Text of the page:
An unholy battle in a holy city

Safed is known for its kabbalistic heritage and holy sites, but amidst all the treasures, the city is making news as a hotbed of anti-Arab sentiment.

November 19, 2010 12:16
Zvieli and Eliahu's shared balcony

Safed balcony. (photo credit: Marc Israel Sellem)

By pure coincidence, the main opposing forces in Safed’s latest anti-Arab flare-up are next-door neighbors. One is Eli Zvieli, 89, who became a target of threats and public denunciations after he rented an apartment to three Beduin college students last month. The other is Safed Chief Rabbi Shmuel Eliahu, who vehemently repeated his decade-old call on Jews to refuse to rent to Arabs. They live in adjoining stone houses in the heart of the Old City and even share a rooftop balcony, divided by a low gate.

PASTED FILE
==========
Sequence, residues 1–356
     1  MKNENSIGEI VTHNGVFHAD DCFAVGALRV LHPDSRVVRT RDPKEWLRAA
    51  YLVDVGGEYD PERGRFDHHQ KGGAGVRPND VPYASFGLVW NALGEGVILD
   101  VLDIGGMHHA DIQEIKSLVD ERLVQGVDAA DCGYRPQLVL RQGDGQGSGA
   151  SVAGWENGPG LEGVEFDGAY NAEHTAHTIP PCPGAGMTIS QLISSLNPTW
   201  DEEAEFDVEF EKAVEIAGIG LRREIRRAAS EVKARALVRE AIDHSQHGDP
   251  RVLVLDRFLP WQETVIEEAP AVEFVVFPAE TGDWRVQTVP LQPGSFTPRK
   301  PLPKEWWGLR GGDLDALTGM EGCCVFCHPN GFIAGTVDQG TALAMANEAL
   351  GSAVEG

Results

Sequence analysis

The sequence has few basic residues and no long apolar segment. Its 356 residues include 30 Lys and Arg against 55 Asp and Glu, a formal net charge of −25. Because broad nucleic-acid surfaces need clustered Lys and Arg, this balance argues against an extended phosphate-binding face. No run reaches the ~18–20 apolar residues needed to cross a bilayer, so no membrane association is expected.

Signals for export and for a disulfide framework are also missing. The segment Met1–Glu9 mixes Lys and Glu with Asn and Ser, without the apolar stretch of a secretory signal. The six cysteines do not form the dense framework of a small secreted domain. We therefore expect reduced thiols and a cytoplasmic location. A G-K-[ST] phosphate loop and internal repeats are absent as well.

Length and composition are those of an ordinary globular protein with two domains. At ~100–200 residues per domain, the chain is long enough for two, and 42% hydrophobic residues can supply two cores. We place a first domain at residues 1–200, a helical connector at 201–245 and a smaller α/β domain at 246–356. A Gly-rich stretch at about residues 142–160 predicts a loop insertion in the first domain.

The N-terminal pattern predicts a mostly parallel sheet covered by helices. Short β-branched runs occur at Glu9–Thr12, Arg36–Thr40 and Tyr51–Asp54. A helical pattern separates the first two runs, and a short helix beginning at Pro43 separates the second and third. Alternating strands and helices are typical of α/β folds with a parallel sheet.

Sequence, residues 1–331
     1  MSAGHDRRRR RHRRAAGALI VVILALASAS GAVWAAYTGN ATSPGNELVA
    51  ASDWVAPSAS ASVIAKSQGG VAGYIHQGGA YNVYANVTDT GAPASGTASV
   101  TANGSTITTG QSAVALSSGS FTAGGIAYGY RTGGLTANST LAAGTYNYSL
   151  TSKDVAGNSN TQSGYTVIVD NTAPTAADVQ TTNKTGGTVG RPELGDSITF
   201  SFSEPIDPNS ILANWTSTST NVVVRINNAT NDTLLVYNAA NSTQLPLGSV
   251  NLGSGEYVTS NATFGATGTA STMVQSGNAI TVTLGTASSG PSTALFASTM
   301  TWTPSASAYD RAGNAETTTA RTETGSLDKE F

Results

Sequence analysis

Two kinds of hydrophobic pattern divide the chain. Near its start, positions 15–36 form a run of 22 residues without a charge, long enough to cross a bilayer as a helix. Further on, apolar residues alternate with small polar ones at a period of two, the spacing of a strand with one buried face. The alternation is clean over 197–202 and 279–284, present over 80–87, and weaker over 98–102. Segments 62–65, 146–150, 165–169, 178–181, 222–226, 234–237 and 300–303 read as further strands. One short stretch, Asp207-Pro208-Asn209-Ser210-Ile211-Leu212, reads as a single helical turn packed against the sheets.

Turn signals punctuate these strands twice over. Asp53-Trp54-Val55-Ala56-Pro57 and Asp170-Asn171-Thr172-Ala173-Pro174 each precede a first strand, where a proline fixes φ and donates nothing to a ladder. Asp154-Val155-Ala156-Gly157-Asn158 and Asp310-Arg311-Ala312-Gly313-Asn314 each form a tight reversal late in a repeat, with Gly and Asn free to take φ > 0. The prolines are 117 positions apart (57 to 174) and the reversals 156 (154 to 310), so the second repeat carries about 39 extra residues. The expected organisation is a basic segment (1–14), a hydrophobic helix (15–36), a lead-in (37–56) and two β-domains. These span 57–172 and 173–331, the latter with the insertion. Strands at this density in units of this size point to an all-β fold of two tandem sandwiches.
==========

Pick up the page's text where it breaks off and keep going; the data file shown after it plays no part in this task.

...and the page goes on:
Eliahu, who moved into his house about 15 years ago, says the two have always enjoyed peaceful neighborly relations and, on a personal level, “have complete respect for each other.”


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